Jackson Public Schools administrative building Credit: Jackson Public Schools

The most challenging issues the Jackson Public School District faces are retaining and hiring licensed teachers and bringing the district’s old buildings up to the standards required by the state, administrators told the board Tuesday.

The board met to discuss the district’s corrective action plan, or CAP, that it must submit to the Mississippi Department of Education by Jan. 16 following a recent audit that found the district in violation of 75 percent of the state’s accreditation standards for public schools.

The district currently has 299 teacher vacancies, Executive Director of School Improvement William Merritt said at the meeting. Some of those positions are being filled by substitute teachers with no teaching credentials, or “limited service” teachers, but they still are counted as vacancies, he said.

Board President Jeanne Hairston asked Merritt and Interim Superintendent Freddrick Murray what the district is doing differently to recruit teachers. Their answer included job fairs every other month, surveys and focus groups of teachers to get feedback on what things might improve retention, working with non-credentialed teachers who are close to passing the Praxis to help them get licensed, and possibly increasing teacher pay in the district.

Murray noted a recent job fair resulted in four new teacher hires for the district.

Merritt also mentioned facilities as a difficult area to correct deficiencies since many of the district’s buildings are old and need expensive repairs. In its investigative audit, the state Education Department noted a failure to provide clean and sanitary facilities in a safe environment in 31 elementary schools, seven middle schools and six high schools.

Other areas Merritt presented as challenging to the district are federal programs, special education, and implementation of instructional management systems. Merritt said many of the deficiencies in special education and implementation of the instructional management system are related to the issue with a shortage of licensed staff, making those areas hard to correct until the district is brought up to speed with its staff.

The standards the district feels confident it will clear are those related to finance, dropout prevention, school calendar, professional development, transportation and safety, Merritt said.

After the discussion, the board decided to delay approval of the corrective action plan it must submit to the Mississippi Department of Education until Jan. 9.

Because the plan was still technically in draft form, several board members expressed concern about not seeing the final version before it is submitted to the Mississippi Department of Education on or before Jan. 16. Although Murray and Merritt explained only minor edits would be made between now and that time, the board agreed it would remove the item from the full board agenda Tuesday night and revisit it next month.

The district’s plan will be presented to the State Board of Education on Feb. 15, when the Commission on School Accreditation will make a recommendation to either deny or approve the plan.

State approval of the plan would mark another chapter in the auditing process of Jackson Public School District which began almost two years ago.

In April 2016, the state conducted a limited audit on 22 schools and found them in violation of 22 of 32 accreditation standards. In August 2016 the district was downgraded to probation status and the Commission on School Accreditation also voted to approve the full audit of all 58 JPS schools.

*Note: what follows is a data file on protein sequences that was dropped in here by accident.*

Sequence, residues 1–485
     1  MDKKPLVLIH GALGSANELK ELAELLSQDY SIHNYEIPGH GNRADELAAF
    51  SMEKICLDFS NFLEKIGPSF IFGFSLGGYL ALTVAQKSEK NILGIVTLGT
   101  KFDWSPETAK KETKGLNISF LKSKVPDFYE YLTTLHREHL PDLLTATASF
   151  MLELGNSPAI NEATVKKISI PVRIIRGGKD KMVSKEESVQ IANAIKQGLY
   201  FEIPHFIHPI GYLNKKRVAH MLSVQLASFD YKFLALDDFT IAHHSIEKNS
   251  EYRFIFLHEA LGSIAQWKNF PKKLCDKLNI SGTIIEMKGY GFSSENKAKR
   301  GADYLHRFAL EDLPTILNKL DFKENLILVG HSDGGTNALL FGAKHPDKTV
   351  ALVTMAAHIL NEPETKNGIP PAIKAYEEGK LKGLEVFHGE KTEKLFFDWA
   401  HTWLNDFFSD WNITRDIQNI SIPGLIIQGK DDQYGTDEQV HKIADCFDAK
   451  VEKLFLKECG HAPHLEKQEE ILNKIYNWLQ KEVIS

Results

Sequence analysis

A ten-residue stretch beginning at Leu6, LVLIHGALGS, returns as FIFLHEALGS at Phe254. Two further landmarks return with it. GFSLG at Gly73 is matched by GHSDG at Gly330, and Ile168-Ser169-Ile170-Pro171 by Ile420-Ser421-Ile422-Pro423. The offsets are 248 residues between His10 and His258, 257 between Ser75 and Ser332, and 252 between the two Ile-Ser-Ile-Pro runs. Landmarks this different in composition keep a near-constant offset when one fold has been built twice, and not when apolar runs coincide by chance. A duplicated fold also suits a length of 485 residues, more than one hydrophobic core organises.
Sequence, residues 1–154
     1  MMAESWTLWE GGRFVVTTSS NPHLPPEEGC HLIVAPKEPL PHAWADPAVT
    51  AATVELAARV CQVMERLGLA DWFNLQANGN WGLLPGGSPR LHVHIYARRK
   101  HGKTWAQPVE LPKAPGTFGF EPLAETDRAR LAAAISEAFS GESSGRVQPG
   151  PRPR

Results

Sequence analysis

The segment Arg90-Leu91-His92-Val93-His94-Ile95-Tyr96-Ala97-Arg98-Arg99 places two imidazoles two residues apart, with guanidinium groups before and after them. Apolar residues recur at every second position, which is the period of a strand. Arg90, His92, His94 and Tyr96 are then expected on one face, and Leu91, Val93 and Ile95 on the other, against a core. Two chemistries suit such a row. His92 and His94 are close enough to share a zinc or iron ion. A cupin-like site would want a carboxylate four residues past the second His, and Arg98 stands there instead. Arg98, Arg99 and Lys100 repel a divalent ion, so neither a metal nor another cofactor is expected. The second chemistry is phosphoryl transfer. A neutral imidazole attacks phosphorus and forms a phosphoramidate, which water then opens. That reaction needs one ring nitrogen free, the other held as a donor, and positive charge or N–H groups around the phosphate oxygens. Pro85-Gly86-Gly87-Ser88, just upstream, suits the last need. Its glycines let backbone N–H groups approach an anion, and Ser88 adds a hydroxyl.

The full audit concluded in August 2017 and found issues with reporting data correctly, certified teachers, and students meeting graduation requirements, among other problems.

If the corrective action plan is approved, the district can begin immediately requesting the state Department of Education to visit schools and clear violations. The district must be 100 percent compliant in all standards by July 31, interim superintendent Freddrick Murray said.

Those violations ultimately led to the state Board of Education and Commission on School Accreditation recommendations for a state takeover, although Gov. Phil Bryant denied the request and announced a new partnership between his office, the City of Jackson, and W.K. Kellogg Foundation instead.

Jackson Public Schools was also eligible for placement in the state-run Achievement School District, but the state board decided against it in the wake of the governor’s announcement.

Kayleigh Skinner joined the Mississippi Today team in January 2017 as an education and legislative reporter and advanced to a senior staff member in her four years with the company. Skinner most recently served as deputy managing editor before assuming the role of managing editor. Kayleigh has a bachelor’s in journalism from the School of Journalism and New Media from the University of Mississippi. Before joining Mississippi Today, Kayleigh worked at The Hechinger Report, Chalkbeat Tennessee, and The Commercial Appeal. She has appeared on MSNBC, NPR, and BBC Newsday Radio to discuss her reporting.

Kate Royals is a Jackson native and returned to Mississippi Today as the lead education reporter after serving in the same capacity from 2016 to 2018. Prior to that, she was a reporter for the Clarion-Ledger covering education and state government. She won awards for her investigative work, including stories about the state’s campaign finance laws and prison system. She was a news producer at MassLive in Springfield, Mass., after graduating from Louisiana State University’s Manship School of Mass Communications with a master’s degree in communications.